If complex script fonts are going to exist in Windows, then one thing they cannot afford to have is a sense of proportion

by Michael S. Kaplan, published on 2008/01/15 10:16 -05:00, original URI: http://blogs.msdn.com/b/michkap/archive/2008/01/15/7115675.aspx


I used to work across the hall from Shawn.

His office, in addition to the large cardboard cutout of Mr. Spock:

there are numerous pieces of Star Wars in the office -- a Sand-crawler, a Star Destroyer, a Death Star, an R2-D2, a TIE Fighter, a Darth Vader.

These various pieces all had one thing in common, something they shared with the big Mr. Spock.

They all had no real scale in common such that you could ever expect to see them fit inside each other or next to each other and be appropriately proportioned.

Luckily they had not been designed to sit alongside each other, which explains the situation so much more plausibly than poor depth perception at the Lego design facility!

And so, inevitably, I once again find myself with Douglas Adams on my mind, in this case from a bit of The Restaurant at the End of the Universe:

The Total Perspective Vortex derives its picture of the whole Universe on the principle of extrapolated matter analyses.

To explain--since every piece of matter in the Universe is in some way affected by every other piece of matter in the Universe, it is in theory possible to extrapolate the whole of creation--every sun, every planet, their orbits, their composition, and their economic and social history from, say, one small piece of fairy cake.

The man who invented the Total Perspective Vortex did so basically in order to annoy his wife.

Trin Tragula--for that was his name--was a dreamer, a thinker, a speculative philosopher or, as his wife would have it, an idiot.

And she would nag him incessantly about the utterly inordinate amount of time he spent staring out into space, or mulling over the mechanics of safety pins, or doing spectrographic analyses of pieces of fairy cake.

"Have some sense of proportion!" she would say, sometimes as often as thirty-eight times in a single day.

And so he built the Total Perspective Vortex--just to show her.

And into one end, he plugged the whole of reality as extrapolated from a piece of fairy cake, and into the other, he plugged his wife: so that when he turned it on she saw in one instant the whole infinity of creation and herself in relation to it.

To Trin Tragula's horror, the shock completely annihilated her brain, but to his satisfaction he realized that he had proved conclusively that if life is going to exist in a Universe of this size, then one thing it cannot afford to have is a sense of proportion.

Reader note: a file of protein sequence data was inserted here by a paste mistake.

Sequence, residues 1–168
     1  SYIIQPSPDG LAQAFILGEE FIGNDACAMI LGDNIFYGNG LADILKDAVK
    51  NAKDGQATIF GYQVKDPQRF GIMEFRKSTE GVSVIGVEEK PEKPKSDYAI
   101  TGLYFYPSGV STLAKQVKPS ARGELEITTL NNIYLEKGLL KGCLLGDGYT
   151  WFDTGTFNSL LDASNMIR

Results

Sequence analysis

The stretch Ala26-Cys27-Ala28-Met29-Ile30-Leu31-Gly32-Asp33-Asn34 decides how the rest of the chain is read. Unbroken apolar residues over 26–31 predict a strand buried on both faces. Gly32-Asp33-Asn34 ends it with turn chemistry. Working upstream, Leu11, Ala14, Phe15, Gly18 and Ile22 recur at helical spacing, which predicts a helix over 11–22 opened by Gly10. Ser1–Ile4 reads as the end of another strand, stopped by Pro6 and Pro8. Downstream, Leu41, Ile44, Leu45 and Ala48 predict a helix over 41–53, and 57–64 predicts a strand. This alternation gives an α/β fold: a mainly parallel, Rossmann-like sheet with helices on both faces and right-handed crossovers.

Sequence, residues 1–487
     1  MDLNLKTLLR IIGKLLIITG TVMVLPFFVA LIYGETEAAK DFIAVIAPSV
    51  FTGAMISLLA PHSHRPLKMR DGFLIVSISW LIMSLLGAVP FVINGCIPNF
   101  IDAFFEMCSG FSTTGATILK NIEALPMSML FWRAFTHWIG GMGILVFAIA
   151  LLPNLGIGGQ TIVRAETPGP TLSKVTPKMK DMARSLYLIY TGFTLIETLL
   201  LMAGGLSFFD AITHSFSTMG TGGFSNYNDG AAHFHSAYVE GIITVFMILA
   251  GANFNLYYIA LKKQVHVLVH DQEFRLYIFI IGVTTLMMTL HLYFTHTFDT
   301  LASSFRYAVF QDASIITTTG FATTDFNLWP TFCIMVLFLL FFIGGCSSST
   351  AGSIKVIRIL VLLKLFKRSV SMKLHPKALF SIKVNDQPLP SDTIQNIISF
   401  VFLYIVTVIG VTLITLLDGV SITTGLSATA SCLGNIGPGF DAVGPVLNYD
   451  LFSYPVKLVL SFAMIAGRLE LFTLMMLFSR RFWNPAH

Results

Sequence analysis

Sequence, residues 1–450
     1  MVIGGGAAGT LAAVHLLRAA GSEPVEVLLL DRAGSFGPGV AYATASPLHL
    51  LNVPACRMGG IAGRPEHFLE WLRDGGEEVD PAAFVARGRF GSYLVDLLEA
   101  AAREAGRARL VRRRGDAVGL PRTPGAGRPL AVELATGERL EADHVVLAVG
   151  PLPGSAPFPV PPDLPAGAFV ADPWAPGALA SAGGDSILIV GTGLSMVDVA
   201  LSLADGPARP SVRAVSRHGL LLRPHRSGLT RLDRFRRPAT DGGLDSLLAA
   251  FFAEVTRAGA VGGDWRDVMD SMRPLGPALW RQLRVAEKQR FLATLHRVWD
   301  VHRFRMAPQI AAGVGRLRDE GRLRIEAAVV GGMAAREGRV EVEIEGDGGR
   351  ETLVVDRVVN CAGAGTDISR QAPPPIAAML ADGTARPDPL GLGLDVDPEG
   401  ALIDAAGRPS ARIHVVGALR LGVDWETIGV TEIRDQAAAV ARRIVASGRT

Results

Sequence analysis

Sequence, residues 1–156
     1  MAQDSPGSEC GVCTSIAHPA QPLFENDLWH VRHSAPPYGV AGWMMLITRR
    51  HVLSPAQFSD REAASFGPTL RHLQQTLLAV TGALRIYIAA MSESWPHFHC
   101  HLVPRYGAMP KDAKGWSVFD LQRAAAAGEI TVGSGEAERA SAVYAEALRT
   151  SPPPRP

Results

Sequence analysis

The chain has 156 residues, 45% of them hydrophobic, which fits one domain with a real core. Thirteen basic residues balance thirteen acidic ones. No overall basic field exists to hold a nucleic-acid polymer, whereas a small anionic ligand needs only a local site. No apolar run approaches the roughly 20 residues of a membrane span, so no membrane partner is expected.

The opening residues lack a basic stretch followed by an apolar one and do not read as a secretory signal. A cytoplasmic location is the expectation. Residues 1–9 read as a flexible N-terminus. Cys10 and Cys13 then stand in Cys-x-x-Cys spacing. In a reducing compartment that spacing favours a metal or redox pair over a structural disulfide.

And what does this all have in common with anything one would reasonably expect to read about here?

Well, over on the Microsoft Volt Users Community, the question from Khmerme was:

I hope that anyone who works for Microsoft sees this message and can provide some help. People who use Khmer Unicode are very excited that Windows Vista has included this Khmer language standard in the OS. However, this excitement is dampened by the fact that the script is so tiny that no one can read it. For example, go to www.google.com.kh on a Vista computer and see for yourself. However, other developers working with Unicode long before Vista, such as www.khmeros.info, have produced fonts that appear at a normal size. How did Vista get this wrong, and how can we fix it? An automatic update would be nice. Currently, other developers provide fixes, but they are difficult to install. Plus, it's very hard to promote the use of a "standard" when the standard comes defective. From a business perspective, this also hurts Microsoft. This is the main reason that I have not yet updated to Vista.

Please advise.

Chris Fynn answered this cry for assistance with some of the explanation:

Hi "Khmerme"

Can't you use your old Khmer Unicode fonts in Vista applications without the fonts becoming small?

The same problem exists with "Microsoft Himalaya" the Tibetan script font in Vista. I think these fonts were made 'small' so that they work as system/UI fonts in Windows menus, dialogue boxes, and things like Windows Explorer without causing problems. Other Unicode Tibetan script fonts display at better size in applications.

There really need to be other (larger rendering) fonts as the default in text editors, web pages, office applications, etc.

The problem with Tibetan - and I guess with Khmer - is that some combinations have a large vertical height/depth - and, in order to squeeze these into the same number of vertical units as a latin letters, Tibetan or Khmer glyphs at the same point size end up being tiny in comparison.

Fonts can of course be made where the ascender to descender distance is greater than the font UPM so that at any nominal point size they will render at the same apparent visual size as Latin glyphs. Of course then the line spacing has to be greater than the nominal point size to prevent clipping or overlapping lines. I guess MS think this could cause problems for UI fonts used in situations where line space is fixed.